This is part of the reason why I was intrigued to learn of Global Fashion Assembly (GFA22) Hosting Community/Coalition coordinated by Doris de Pont (New Zealand Fashion Museum), a project that expands our view of what fashion is and what it can be. (You can also catch Doris in Metro’s summer issue as the subject of My Life in Clothes, sharing some of her most treasured pieces and the stories behind how they were made and how they came into her possession.)
So what exactly is Fashion Assembly Aotearoa 2022’s participation in Global Fashioning Assembly and how can you get involved?
Over 3 days, 36 hours, 6 continents, 12 coalitions, 14 countries, the Global Fashion Assembly 2022 is a gathering of global fashion makers that reaches out beyond institutions, disciplines, and geographical boundaries to radically rethink fashion. Stepping outside the eurocentric dictates of what is fashion, the Global Fashion Assembly opens up a world of diversity. Starting in Aotearoa and moving through Kazakhstan, Ghana, Morocco, et al, closing in Peru, it invites you to participate in the radical decolonial act of listening across race, gender, age, histories and ways of knowing, and to rethink fashion as a multitude of possibilities.
GFA22 is a hybrid online/offline series of events taking place globally from 21 to 23 October 2022. The project was initiated by the Research Collective for Decoloniality & Fashion (RCDF) and on Friday 21 October 2022, you can attend from 1–6 pm live at Tāmaki Pātaka Kōrero (Auckland Central City Library) or register to attend on Zoom. The four-hour live Fashioning Assembly Aotearoa programme will be open to the public and recorded for sharing internationally with the Global Fashion Assembly 2022.
Aotearoa’s programme will consist of short live or video presentations by 12 participating creatives including Dan Ahwa; Jeanine Clarkin; House of Iman; Jessica Jay/Whitecliffe repair studio; Bobby Campbell Luke; Kiri Nathan/Kahui Collective; Pacific Sisters; Rowan Panther; Steven Park; Moko Smith; Ataraiti Waretini. Participants will share their work processes and outcomes, including film footage from shows, live workshops and performances, documented demonstrations of a making process, slideshows of photos, and shared stories. Themes will include ‘crafting culture’ (re-addressing, reclaiming, and renewing indigenous making); ‘fashion rethought’ (fashioning the whole person — hair, accessories, tattoo, etc); ‘connective threads’ (embracing group work, collaborations/collective making practices); and ‘fashioning the future’ (access to market and economically sustainable models of fashioning).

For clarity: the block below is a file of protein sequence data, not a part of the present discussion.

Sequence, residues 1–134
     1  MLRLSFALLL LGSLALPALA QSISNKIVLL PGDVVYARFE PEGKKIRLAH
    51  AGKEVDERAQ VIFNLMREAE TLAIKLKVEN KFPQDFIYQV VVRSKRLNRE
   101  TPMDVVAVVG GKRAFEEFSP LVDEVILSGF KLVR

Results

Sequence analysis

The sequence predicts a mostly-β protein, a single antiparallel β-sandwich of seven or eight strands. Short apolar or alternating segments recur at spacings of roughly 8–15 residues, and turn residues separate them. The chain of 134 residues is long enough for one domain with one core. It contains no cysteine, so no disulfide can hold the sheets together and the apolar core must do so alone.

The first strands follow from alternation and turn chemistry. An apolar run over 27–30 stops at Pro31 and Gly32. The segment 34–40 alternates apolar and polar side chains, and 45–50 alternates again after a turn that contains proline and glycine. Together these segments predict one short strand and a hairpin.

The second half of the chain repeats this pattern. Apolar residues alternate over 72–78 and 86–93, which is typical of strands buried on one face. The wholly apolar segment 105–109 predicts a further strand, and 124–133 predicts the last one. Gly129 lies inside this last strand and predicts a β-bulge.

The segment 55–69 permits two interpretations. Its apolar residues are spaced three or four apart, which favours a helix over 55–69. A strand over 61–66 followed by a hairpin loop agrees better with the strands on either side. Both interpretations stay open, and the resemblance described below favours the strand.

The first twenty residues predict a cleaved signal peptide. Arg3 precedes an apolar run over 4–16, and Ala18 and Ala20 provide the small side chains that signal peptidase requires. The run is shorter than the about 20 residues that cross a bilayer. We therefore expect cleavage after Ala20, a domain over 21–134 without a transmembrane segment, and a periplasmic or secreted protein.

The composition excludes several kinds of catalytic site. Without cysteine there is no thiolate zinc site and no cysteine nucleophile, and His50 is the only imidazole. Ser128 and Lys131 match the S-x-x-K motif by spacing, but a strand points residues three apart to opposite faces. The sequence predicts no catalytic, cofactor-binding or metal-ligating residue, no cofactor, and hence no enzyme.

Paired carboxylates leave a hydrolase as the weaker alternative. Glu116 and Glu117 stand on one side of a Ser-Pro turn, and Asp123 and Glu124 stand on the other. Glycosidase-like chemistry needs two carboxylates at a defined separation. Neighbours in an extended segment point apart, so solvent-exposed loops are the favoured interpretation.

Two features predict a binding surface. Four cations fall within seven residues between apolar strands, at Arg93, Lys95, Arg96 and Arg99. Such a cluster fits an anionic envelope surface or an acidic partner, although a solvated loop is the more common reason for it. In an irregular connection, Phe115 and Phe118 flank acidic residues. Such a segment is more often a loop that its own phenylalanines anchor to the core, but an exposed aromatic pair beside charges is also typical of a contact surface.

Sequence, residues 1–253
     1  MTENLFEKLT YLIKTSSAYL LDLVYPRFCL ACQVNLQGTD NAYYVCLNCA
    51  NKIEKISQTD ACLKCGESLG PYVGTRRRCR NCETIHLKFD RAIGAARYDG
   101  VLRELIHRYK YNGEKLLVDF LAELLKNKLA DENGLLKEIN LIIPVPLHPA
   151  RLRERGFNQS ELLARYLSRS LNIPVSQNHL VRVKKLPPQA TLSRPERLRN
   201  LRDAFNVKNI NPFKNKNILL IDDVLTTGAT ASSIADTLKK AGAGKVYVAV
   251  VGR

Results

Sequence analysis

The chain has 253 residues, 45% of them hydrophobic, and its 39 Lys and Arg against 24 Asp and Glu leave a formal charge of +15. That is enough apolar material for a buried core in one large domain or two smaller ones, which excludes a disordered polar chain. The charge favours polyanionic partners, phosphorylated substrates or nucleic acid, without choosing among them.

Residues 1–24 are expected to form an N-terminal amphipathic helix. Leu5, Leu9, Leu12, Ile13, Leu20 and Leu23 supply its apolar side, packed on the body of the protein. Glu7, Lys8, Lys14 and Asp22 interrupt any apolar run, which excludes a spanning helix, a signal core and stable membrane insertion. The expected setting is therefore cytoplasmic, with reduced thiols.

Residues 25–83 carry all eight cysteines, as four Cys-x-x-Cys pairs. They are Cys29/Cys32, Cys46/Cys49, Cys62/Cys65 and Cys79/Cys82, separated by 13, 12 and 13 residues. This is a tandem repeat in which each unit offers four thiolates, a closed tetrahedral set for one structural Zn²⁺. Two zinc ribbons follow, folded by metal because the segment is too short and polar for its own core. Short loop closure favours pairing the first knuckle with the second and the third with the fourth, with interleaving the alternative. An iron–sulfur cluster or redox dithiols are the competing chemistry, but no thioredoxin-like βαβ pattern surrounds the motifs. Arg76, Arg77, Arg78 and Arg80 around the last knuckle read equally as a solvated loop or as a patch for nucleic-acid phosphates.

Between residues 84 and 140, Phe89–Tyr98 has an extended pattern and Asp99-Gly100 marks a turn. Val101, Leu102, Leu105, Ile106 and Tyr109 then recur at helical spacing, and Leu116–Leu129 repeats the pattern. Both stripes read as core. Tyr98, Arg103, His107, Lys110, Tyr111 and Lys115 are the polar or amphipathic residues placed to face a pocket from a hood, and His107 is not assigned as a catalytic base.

For more Aotearoa information follow:
For general GFA22 updates, follow:
For any upcoming events you’d like to share (and general comments and feedback), email email@example.com. I look forward to hearing from you!
Flying Fetu Festival Giveaway
On November 5th, the inaugural Flying Fetu Festival will take over Basement Theatre to celebrate writers and writing of the Moana. Over 10 sessions, the likes of Tusiata Avia, Nathaniel Lees, Michel Mulipola, Teremoana Rapley, Victor Rodger, and Jahra Wasasala (to name a few) will grace the multiple stages to talk form and feels, and to share dispatches from their respective areas of expertise.
Flying Fetu Festival is brought to you by Flying Fetu an organisation committed to building abundant futures for artists of the upu (word), co-directed by former arts editor Lana Lopesi and Grace Iwashita-Taylor.
We are giving away one double pass to a festival session of your choice. Just email us here and let us know which session you want to go to, winners will be drawn midday Thursday.
For the full festival line up and ticketing information see here.
Claybenders 2022: Together – Apart
Arthaus, Ōrākei Village
19 October – 6 November
A Great Yawning Gap:
Sophie Guilford, Julia Johnston, Felixe Laing, Theo Macdonald, Elisabeth Pointon, Cindy Tan
21 October – 12th November
Fort Takapuna Historic Reserve, Devonport
24 – 30 October, 2022, 12-6 pm each day
North by Northwest
ASB Waterfront Theatre
25 October – 19 November
Tracey Tawhiao: Taputapu Ātea
28 October, 6:30 – 9pm
Tracey Tawhiao: Taputapu Ātea (artist talk)
29 October, 2pm
The First Prime-Time Asian Sitcom
Q Theatre – Loft
3 – 27 November
Topp Class: A Topp Twins 40th Anniversary Tribute Concert
7 November, 7pm
Music Therapy Week 2022
14 – 20 November
Aotearoa Art Fair
The Cloud / AKL Waterfront
16 – 20 November
Te Auaha at 16–19 November, 7pm;
19 November, 1pm